Even as successive central governments have focused on modernisation of madrassas and allocated hefty sums for the purpose, thousands of mainstream minority educational institutions are suffering for want of funds, facilities and official attention.
Eminent Muslim educationists have questioned the government’s over focus on madrassas, where just 4% of Muslim children study and neglecting the rest 96%, who are enrolled in the contemporary educational institutions for the prime reason of job opportunities.
While the latest Union Budget set aside Rs 100 crore for madrassas, there was no grant announced for modern minority educational institutions that include English and Urdu medium schools, engineering, medical, and management colleges.
Noted lyricist Javed Akhtar had asked Minority Affairs Minister Najma Heptulla to leave Madrassas on their own fate, as they get enough local donations and instead concentrate on setting up primary schools. “My solution to Muslim backwardness is if government establishes a primary schools just across a madrassa. People will prefer to send their children to schools rather in madrassas,” he said.
Karnatka-based Taj Mohammad Khan, who is also Chairman Federation of Minority Educational Institutions recounts problems associates in setting up and running a modern educational institution. “Under Article 29 and 30 of the Constitution, Minorities are entitled to establish, operate and manage educational institutions, but the central and state governments put up a host of objections and impediments,” he told dna.
The first issue is related to sanction of No Objection Certificates (NoC). Even, if everything is under norm, the state governments either delay or don’t issue certificates.
Then there are issue with recognition and finally even in the aided institutions, there are problems with staff and grants in time.
In Karnataka, despite rules stating a teacher for 25 students, in minority schools this ration is skewed to 70 students.
“In my school, five teachers retired since 2009 and we are not able to recruit new teachers as government in the name of reducing expenditure doesn’t sanction grants,” he said.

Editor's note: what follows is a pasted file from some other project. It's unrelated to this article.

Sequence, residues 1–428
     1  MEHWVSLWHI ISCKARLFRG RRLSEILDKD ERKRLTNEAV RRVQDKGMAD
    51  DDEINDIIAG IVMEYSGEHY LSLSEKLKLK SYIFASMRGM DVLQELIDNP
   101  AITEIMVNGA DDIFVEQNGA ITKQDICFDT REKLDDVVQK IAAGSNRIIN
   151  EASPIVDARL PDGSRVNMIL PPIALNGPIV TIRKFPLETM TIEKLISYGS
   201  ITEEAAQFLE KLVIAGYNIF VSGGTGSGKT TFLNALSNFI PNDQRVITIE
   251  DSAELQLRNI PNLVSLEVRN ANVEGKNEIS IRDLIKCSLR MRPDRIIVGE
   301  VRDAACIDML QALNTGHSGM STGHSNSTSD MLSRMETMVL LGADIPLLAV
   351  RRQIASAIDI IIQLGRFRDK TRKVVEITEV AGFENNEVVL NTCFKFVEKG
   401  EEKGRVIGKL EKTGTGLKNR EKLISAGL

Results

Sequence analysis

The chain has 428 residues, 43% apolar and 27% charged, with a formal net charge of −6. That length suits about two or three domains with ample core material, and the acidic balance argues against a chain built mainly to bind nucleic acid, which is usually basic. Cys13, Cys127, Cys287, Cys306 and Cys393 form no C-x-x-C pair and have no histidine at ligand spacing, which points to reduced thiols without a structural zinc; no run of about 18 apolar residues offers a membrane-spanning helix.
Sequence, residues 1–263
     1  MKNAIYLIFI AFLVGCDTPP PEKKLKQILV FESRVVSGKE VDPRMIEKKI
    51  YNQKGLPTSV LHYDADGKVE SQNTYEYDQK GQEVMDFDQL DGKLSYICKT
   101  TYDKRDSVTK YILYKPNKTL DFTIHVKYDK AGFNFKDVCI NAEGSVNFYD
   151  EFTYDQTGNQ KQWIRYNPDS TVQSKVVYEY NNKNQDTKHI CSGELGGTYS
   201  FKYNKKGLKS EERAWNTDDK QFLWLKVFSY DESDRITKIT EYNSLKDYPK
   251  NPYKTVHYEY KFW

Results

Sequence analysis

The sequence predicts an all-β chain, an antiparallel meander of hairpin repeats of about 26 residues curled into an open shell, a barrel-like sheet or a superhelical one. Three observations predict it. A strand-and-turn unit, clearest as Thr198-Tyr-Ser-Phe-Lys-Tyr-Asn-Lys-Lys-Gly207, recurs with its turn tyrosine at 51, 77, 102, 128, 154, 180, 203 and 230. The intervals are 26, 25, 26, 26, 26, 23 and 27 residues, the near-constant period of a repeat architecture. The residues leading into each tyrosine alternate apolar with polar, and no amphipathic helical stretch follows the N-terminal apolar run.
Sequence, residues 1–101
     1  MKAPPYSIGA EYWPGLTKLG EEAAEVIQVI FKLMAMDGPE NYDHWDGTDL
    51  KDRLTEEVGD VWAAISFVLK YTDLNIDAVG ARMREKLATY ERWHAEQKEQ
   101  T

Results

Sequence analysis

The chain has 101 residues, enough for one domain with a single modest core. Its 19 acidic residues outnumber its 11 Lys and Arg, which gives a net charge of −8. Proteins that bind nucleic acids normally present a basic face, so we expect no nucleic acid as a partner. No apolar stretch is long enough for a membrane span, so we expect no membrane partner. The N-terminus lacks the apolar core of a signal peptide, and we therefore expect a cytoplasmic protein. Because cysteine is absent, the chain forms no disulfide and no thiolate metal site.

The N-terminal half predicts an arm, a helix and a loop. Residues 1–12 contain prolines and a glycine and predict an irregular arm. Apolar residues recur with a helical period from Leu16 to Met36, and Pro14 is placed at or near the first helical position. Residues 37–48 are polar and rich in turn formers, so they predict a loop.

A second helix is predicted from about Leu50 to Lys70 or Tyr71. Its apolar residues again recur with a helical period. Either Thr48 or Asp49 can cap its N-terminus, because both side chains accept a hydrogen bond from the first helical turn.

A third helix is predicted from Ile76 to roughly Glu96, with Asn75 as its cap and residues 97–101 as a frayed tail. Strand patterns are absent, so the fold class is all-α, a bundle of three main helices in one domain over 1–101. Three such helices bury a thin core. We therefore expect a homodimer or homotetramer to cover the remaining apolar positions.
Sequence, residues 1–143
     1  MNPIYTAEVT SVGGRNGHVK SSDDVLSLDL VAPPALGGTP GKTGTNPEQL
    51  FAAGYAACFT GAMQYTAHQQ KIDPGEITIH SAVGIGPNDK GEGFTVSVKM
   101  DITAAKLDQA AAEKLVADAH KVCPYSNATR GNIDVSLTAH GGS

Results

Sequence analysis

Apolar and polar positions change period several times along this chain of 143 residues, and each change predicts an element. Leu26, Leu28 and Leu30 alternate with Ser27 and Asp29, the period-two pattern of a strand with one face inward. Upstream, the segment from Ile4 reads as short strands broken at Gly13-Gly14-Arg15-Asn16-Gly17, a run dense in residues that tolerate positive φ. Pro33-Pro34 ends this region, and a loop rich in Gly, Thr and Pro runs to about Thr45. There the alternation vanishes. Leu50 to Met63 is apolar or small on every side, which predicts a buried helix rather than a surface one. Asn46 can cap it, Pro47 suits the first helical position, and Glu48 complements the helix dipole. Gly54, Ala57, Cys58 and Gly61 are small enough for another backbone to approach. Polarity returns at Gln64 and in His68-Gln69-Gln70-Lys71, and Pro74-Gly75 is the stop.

Further, while a big schools like Sanskriti Vidhalaya and Delhi Public School gets lands at concessional rates, the minority institutions despite following all rules doesn’t get such facilities.
“Why they are so focussed on Arabic madrassas? What is their motive, when just 4% children study there, I have not been able to find answers?" says Khan.
Against this, not only in Karnataka, but across Uttar Pradesh, Bihar and Rajasthan, Urdu medium schools are in a pathetic condition. “Since they provide employability, there is no scheme even for providing teaches or repairing their roofs, which are leaking, he said.
Under the noose of central government Quami School in Delhi near Idgah is running in tin sheds now for over four decades. Authorities had demolished the old school building in 1975 during emergency, with the promise that a new building with come up. Presently there are between 600 and 700 students.
Over the years government is providing funds, teachers, computers, etc. to Madarsa. "Focus on Madarsas is not going to solve educational problems of the Muslims, the government must help the community in accessing contemporary educational institutions by providing resources and addressing their problems," says another educationist Dr Fakhrudin Ahmed, who is operating several educational institutions in Hyderabad.
Justice MSA Siddiqui, Chairman of National Commission for Minority Educational Institutions (NCMEI), however, regretted that Muslims were not coming forward proportionate to their population to establish contemporary.
"Muslims, despite being the largest among the religious minority communities, were not taking benefit of the constitutional provisions, while the smaller communities like the Christians and the Sikhs were deriving more benefits from NCMEI," he lamented.